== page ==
Tell Me More and Don Imus.
Host Michel Martin comments on an on-air altercation between
Host Michel Martin comments on an on-air altercation between Tell Me More and Don Imus. Richard Drew/AP
Don Imus and Chris Wallace are mad at us — or rather they are mad at my colleague Cokie Roberts, for something she said on Tell Me More last week. We were talking about women in politics at the conclusion of Women's History Month, and Cokie made the point that women in public life are still spoken about in a demeaning way that men rarely are.
She was responding to a point I raised, about an exchange on Imus' radio program. Imus asked Fox News host Chris Wallace, who was looking forward to interviewing former Alaska Gov. Sarah Palin, if he would conduct the interview with Palin while she sat on his lap. Wallace replied, "One can only hope."
I made the point that Palin is also a Fox contributor and a member of the "Fox family" as it were, but that didn't spare her from being subjected to this sexist palaver, and Cokie made the point that the lure of the boy's club often trumps ideology.
It seems that Imus and Wallace did not appreciate our remarks: Imus accused Cokie of being "hysterical," and Wallace — whose office was next door to mine and down the hall from Cokie's when we all worked at ABC News together — pretended not to remember who she was.
So why talk about it at all? Because they just made Cokie's point and mine. Thanks, fellows.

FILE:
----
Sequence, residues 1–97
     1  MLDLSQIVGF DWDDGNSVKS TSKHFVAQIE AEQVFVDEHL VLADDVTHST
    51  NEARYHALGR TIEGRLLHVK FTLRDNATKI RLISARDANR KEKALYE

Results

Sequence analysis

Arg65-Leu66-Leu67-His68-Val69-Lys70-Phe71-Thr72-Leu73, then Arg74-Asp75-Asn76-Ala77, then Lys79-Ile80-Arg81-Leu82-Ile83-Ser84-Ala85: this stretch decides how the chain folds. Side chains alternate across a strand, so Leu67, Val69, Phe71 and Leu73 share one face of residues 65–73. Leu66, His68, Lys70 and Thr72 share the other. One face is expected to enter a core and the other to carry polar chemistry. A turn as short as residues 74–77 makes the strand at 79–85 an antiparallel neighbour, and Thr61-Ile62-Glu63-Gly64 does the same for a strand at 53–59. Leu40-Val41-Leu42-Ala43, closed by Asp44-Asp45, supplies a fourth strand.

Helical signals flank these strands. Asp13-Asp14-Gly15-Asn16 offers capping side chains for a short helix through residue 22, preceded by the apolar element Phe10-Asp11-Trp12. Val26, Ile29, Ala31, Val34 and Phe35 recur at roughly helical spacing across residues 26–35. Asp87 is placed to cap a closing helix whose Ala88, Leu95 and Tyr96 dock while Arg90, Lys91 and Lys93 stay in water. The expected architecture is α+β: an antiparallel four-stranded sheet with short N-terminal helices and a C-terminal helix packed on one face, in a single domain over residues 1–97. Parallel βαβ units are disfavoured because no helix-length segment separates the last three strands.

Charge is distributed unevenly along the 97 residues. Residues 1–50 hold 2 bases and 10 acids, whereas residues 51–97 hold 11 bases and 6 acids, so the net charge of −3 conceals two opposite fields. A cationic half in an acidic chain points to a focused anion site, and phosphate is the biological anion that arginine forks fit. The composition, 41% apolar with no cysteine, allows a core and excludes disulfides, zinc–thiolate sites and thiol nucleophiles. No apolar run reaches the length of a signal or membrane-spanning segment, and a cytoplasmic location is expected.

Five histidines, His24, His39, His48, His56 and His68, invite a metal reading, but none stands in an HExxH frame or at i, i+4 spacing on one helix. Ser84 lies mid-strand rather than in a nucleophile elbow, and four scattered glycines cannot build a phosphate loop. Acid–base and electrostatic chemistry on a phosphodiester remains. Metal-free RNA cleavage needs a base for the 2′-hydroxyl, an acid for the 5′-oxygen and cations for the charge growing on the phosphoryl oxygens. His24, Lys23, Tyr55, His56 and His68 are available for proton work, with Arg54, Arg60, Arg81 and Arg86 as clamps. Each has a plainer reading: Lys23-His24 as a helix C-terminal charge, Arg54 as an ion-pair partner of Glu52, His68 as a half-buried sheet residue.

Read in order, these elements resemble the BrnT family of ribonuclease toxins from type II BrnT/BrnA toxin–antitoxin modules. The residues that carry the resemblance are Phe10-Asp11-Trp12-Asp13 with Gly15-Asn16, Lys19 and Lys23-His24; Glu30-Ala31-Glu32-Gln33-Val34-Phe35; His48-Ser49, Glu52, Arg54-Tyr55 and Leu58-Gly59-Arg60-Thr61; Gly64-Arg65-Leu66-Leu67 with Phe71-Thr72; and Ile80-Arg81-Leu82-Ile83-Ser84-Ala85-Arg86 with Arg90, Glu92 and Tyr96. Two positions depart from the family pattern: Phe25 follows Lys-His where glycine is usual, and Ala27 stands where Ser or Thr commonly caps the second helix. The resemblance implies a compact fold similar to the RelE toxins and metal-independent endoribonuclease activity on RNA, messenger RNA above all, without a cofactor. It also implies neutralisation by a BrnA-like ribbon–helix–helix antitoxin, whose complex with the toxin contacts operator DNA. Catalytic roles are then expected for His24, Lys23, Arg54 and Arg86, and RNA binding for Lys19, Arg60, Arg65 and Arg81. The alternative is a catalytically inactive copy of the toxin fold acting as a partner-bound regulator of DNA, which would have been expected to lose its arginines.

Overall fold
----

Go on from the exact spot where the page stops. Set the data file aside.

Evidently, women are supposed to — to paraphrase Palin's words in another context — just sit down and shut up. Isn't it funny how people who bully people for a living get really annoyed when somebody takes issue with it? You're not only supposed to let them push you around; you're supposed to like it.
Well, can I just tell you? The great thing about America today is that Don Imus and Chris Wallace get to have their say, but so do Cokie and I. The worrisome thing is who is not being heard. We keep hearing these days from members of certain groups that they are forced to scream at public officials at hearings — and even spit and name-call — because these officials aren't listening to them on matters like the deficit and health care reform and immigration.
But who was listening to the millions of people who didn't have health insurance all these years, and who were one heart attack or car accident or flu season away from bankruptcy? Who was listening as millions of people got risky mortgages they shouldn't have had instead of safer ones for which they were actually eligible? Who was listening when millions of people came into this country without authorization and then got jobs and houses and furniture, and got married and had kids and enrolled those kids in school, and the entire country looked the other way, until, of course the economy turned sour and the country decided their services were no longer needed and is now disrupting those lives and ties in a brutal way?
It seems odd to me that the fury erupts now that there is an aggressive effort to face these problems head-on. I cannot help but think that what the fury is really about is the loss of entitlement. It used to be that men with a shred of power could say whatever they wanted about women and women had to put up with it, or get a man to duel for them or something. Well now women get to rock the mike too.
It used to be, and often still is, that one set of values or perspectives dominates the way we look at issues and talk about them. You can see where the people who share that particular perspective begin to feel they are entitled to shape the conversation for all time. But things change — new voices rise, different people win elections, or dare we say it, get on the radio. Maybe some people have a problem with that. Tough. Because we're not going anywhere.